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Consumed Nostalgia: Memory in the Age of Fast Capitalism

Nostalgia isn’t what it used to be. For many of us, modern memory is shaped less by a longing for the social customs and practices of the past or for family heirlooms handed down over generations and more by childhood encounters with ephemeral commercial goods and fleeting media moments in our age of fast capitalism. This phenomenon has given rise to communities of nostalgia whose members remain loyal to the toys, television, and music of their youth. They return to the theme parks and pastimes of their upbringing, hoping to reclaim that feeling of childhood wonder or teenage freedom.

Consumed nostalgia took definite shape in the 1970s, spurred by an increase in the turnover of consumer goods, the commercialization of childhood, and the skillful marketing of nostalgia. Gary Cross immerses readers in this fascinating and often delightful history, unpacking the cultural dynamics that turn pop tunes into oldies and childhood toys into valuable commodities. He compares the limited appeal of heritage sites such as Colonial Williamsburg to the perpetually attractive power of a Disney theme park and reveals how consumed nostalgia shapes how we cope with accelerating change.

Today nostalgia can be owned, collected, and easily accessed, making it less elusive and often more fun than in the past, but its commercialization has sometimes limited memory and complicated the positive goals of recollection. By unmasking the fascinating, idiosyncratic character of modern nostalgia, Cross helps us better understand the rituals of recall in an age of fast capitalism.

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Description

Nostalgia isn’t what it used to be. For many of us, modern memory is shaped less by a longing for the social customs and practices of the past or for family heirlooms handed down over generations and more by childhood encounters with ephemeral commercial goods and fleeting media moments in our age of fast capitalism. This phenomenon has given rise to communities of nostalgia whose members remain loyal to the toys, television, and music of their youth. They return to the theme parks and pastimes of their upbringing, hoping to reclaim that feeling of childhood wonder or teenage freedom.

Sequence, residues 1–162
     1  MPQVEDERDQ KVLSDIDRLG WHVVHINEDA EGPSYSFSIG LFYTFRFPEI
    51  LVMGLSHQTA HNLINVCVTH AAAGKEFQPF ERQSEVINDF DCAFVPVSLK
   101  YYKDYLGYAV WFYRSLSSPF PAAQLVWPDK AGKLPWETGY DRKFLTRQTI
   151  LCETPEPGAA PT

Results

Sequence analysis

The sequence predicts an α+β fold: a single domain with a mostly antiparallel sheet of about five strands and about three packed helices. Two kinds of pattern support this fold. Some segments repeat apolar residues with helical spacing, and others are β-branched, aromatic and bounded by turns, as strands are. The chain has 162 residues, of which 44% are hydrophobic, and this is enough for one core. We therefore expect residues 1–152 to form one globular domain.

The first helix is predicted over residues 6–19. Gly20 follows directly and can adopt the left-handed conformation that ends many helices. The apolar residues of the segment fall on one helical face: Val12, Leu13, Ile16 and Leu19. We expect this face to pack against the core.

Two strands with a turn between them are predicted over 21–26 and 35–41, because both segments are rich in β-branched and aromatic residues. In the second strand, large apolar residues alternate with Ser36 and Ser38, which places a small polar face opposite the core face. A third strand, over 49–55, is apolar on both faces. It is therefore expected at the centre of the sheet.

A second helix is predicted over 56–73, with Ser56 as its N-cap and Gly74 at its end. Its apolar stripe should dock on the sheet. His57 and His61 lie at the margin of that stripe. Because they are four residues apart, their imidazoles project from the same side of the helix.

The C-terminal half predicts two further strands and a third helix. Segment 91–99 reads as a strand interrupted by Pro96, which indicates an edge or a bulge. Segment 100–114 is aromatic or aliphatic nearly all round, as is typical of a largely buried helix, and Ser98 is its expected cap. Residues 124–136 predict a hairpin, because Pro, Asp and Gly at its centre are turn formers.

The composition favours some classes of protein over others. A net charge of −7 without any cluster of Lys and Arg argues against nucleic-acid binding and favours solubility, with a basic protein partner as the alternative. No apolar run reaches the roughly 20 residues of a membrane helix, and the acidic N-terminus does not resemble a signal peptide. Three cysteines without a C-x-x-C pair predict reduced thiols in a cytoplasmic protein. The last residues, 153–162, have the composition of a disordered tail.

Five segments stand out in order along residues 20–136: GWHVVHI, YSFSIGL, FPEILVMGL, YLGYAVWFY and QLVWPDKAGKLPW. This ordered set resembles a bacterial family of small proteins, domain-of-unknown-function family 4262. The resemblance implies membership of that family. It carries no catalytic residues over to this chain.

Consumed nostalgia took definite shape in the 1970s, spurred by an increase in the turnover of consumer goods, the commercialization of childhood, and the skillful marketing of nostalgia. Gary Cross immerses readers in this fascinating and often delightful history, unpacking the cultural dynamics that turn pop tunes into oldies and childhood toys into valuable commodities. He compares the limited appeal of heritage sites such as Colonial Williamsburg to the perpetually attractive power of a Disney theme park and reveals how consumed nostalgia shapes how we cope with accelerating change.

Today nostalgia can be owned, collected, and easily accessed, making it less elusive and often more fun than in the past, but its commercialization has sometimes limited memory and complicated the positive goals of recollection. By unmasking the fascinating, idiosyncratic character of modern nostalgia, Cross helps us better understand the rituals of recall in an age of fast capitalism.

Additional information

Author

Ad / Name

Tüketilen Nostalji: Hızlı Kapitalizm Çağında Hatıralar
Consumed Nostalgia: Memory in the Age of Fast Capitalism

Date of Publishing

February 2018

Translator

Eren Turan

ISBN

978-605-81889-2-1

Cover Type

Paperback

Sayfa / Pages

360

Boyut / Size

13,5 x 21 cm

Ağırlık / Weight

345gr

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